DUBAI Rising populations and growth of small businesses bode well for venture capital transactions in the Middle East and North Africa region and the nascent sector will see more deals this year, executives said on Sunday.
The industry has seen significant growth in the last two years with 33 venture capital related transactions versus 16 between 2006 and 2008, a report compiled by a group of industry professionals said.
Small-and medium-size enterprises comprise a large part of the economy in the region and the sector has seen considerable growth in recent years.
"If you take into account SME growth, equity deals as well as pure venture capital deals, there is definitely going to be an uplift," said Tom Speechley, chief executive of Riyada Enterprise Development (RED), at the launch of the report.
"We have done five deals this year and we have seven more in late stage execution."
Riyada is the SME investment platform of Dubai-based private equity firm Abraaj Capital.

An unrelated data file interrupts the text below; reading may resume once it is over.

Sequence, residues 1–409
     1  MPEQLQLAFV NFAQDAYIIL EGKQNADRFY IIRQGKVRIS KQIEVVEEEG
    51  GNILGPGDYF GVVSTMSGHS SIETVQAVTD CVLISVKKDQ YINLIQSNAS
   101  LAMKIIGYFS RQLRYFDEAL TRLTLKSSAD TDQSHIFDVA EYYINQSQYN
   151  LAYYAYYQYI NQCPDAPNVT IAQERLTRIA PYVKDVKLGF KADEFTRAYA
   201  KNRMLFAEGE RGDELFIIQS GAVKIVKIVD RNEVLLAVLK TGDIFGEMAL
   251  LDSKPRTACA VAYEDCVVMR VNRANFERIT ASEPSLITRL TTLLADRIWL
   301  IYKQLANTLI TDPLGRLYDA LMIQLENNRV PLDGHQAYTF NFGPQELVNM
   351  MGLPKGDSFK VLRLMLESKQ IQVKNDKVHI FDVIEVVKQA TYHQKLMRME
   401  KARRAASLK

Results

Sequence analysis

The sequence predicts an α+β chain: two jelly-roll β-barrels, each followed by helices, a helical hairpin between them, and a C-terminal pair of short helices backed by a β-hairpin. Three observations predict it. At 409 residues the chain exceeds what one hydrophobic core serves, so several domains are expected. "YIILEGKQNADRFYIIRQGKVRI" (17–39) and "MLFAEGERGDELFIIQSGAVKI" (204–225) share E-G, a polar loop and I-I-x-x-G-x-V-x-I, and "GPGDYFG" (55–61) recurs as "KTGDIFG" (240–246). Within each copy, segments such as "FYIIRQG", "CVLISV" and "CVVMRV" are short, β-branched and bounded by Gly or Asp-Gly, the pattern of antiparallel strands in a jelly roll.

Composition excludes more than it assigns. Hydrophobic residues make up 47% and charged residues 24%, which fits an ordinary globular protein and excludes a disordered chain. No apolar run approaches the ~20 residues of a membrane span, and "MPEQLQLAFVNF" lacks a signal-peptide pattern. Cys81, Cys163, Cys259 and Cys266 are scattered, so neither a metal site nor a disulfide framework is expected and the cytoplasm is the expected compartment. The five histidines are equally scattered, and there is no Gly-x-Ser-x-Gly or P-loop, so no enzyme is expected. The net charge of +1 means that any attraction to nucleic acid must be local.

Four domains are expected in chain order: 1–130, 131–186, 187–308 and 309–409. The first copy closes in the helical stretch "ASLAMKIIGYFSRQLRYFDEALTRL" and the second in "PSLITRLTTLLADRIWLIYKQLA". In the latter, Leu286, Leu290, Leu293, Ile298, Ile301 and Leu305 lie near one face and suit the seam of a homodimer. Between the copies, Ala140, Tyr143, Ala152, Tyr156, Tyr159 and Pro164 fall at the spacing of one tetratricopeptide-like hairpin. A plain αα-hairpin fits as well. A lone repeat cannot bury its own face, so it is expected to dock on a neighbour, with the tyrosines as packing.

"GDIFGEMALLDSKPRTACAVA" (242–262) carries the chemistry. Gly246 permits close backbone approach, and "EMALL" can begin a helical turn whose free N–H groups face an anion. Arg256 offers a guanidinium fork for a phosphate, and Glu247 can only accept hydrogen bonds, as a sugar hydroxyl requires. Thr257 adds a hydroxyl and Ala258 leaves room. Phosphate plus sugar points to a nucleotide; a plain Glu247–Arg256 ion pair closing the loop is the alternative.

The buoyant mood was also shared by other executives, including Intel Corporation's top executive for Middle East, Africa region, Feroz Sanaulla.
"The important thing to notice is that there is a momentum building in the industry and it will continue to build. Whether the number of deals will be twenty, thirty or forty, it doesn't matter," Sanaulla said.
Fifty six percent of the total VC transactions since 2006 have been in Egypt, which has a large and fast-growing population, and the United Arab Emirates, which enjoys a dynamic economy, the report said.
The IT and software industry have constituted 45 percent of the total VC transactions in the region since 2006, it said.
Three venture capital funds raised $300 million in 2010, a significant increase from prior years.
However, many challenges still remain, the executives said, including a lack of legal clarity surrounding contracts, structures and governance, as well as the absence of suitable exit opportunities.
The initial public offering (IPO) market in the region has been muted for last two-three years and most of the venture capital funds in the region have yet to make an exit of their investments.
(Writing by Shaimaa Fayed, Editing by Shaheen Pasha)
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